Twelve Kings Tuesdays — A few formative novels
Only six weeks remain until the release of Twelve Kings in Sharakhai in early September. Six weeks! It’s coming both too slowly and too quickly. I’m just trying to keep my head above water as the date approaches!
So here we are again. In my continuing weekly series, I’m posting an image or two from the Pinterest board I created for inspiration. I’ll be talking a bit about each image, why I chose it, how it affected the story, and so on. This week, I’m taking a slight diversion to a second Pinterest board I created to collect some ideas on what the cover for Twelve Kings might look like. You can find that board here. I wanted to collect those pieces of art that might help inspire the art designers. You can look at the cover art for Twelve Kings to see how closely I hit the mark.
One of the trilogies that really struck me when I first read it was C.J. Cherryh’s The Faded Sun trilogy. It was my first exposure to a fantastic or spec-fictional world based on our own Arabic cultures, and I loved it. I devoured these books. As much as I loved the story itself, there are some books where the artwork really nails the feel of the book. That was true here with these gorgeous pieces of art, especially the one by Michael Whelan for Kutath. I remember flipping back to the cover often, just imagining the world, what it would be like to live there, to meet those people.
I’ll be honest. I don’t remember a lot of the story itself at this point. It’s been three decades since I’ve read it. But I remember the feel of it, and that’s what spurred me, in part, to tackle a story set in a vast desert with a massive city at its center. And speaking of cities, I have to mention another novel (a shared-world anthology, really) that had a major influence on me, and that’s Robert Asprin’s brain child, Thieves’ World.
I loved (LOVED!) the city of Sanctuary and the seedy, mysterious, powerful characters and stories that inhabited it. Hans and Tempus are still two of my all-time favorite characters, but there were so many wonderful stories in those early anthologies. (I did start to lose interest after about 6 of them, but the first handful remain some of my favorite books ever.)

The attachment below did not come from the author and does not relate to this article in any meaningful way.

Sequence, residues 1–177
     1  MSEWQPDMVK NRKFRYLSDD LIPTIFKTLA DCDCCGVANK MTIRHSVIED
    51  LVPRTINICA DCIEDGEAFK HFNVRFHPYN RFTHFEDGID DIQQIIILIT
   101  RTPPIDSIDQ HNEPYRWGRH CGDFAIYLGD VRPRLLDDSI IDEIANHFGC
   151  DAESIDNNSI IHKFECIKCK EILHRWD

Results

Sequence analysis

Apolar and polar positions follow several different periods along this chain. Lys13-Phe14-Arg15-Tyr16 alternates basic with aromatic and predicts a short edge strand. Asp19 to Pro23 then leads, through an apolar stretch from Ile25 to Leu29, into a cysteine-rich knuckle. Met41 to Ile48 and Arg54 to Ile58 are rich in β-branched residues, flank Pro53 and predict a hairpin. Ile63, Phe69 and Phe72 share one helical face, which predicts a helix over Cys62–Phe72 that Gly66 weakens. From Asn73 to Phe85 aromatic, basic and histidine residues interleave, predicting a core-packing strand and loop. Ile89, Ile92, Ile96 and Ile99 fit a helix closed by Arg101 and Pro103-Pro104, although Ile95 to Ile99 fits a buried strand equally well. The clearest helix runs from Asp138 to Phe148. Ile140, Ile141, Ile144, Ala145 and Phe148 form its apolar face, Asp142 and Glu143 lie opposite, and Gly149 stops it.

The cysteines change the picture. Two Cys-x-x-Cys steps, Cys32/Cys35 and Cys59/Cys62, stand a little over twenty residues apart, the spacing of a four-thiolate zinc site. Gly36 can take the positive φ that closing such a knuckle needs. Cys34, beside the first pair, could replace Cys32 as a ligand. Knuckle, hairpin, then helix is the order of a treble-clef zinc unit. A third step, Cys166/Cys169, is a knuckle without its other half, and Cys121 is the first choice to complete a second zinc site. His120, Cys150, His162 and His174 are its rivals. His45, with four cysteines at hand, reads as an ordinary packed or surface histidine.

I’d long wanted to scratch the itch to write a desert story. (In fact, as my last series, The Lays of Anuskaya, progresses, you can see more and more of the Persian-influenced Aramahn coming into the picture, culminating in long stretches of desert scenes in the final book, The Flames of Shadam Khoreh.) And I thought Sanctuary was such a rich place to write a story. It was the “armpit of the empire,” a meeting point of old and new as the Rankan Empire drove into Ilsigi territory, with pantheons of gods vying for power, who in fact commingled even as they fought. Above all, I loved the vastness of Sanctuary and the hidden wonders it contained.
The feel of that is what I wanted to explore with Sharakhai. Sharakhai is in some ways a mere city state. But in effect it controls trade throughout a massive desert bordered by four powerful kingdoms, and because it controls trade, it has amassed incredible wealth and power among all four kingdoms and the desert itself. It hasn’t done so without making enemies along the way, however. The twelve immortal kings of Sharakhai are hated by many. And what better to sow the seeds of a story than cruel kings in a desert metropolis?
So, thanks, Ms. Cherryh and Mr. Asprin and the contributors to the Thieves’ World anthology, for the inspiration. And to Michael Whelan and Walter Velez as well. I owe you all a debt of gratitude.
How about you? What are the the most powerful, early stories you read?
Twelve Kings in Sharakhai, Book One of The Song of the Shattered Sands, is available for pre-order in the US via Penguin Random House, Amazon, or Barnes and Noble and in the UK via Amazon UK and Waterstones. Audio versions will also be available via Brilliance Audio and Orion/Gollancz Audio.